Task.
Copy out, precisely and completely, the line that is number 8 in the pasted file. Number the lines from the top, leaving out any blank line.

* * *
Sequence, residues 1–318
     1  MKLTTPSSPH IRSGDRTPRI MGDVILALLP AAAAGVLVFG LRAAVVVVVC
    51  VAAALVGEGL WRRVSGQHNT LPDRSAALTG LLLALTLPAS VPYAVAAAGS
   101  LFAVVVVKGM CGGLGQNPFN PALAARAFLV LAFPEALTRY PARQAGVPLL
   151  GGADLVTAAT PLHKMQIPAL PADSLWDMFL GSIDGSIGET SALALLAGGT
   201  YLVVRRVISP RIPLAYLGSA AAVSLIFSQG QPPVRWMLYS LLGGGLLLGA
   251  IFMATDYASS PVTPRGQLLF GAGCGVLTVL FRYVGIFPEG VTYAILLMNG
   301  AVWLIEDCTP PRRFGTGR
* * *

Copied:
   301  AVWLIEDCTP PRRFGTGR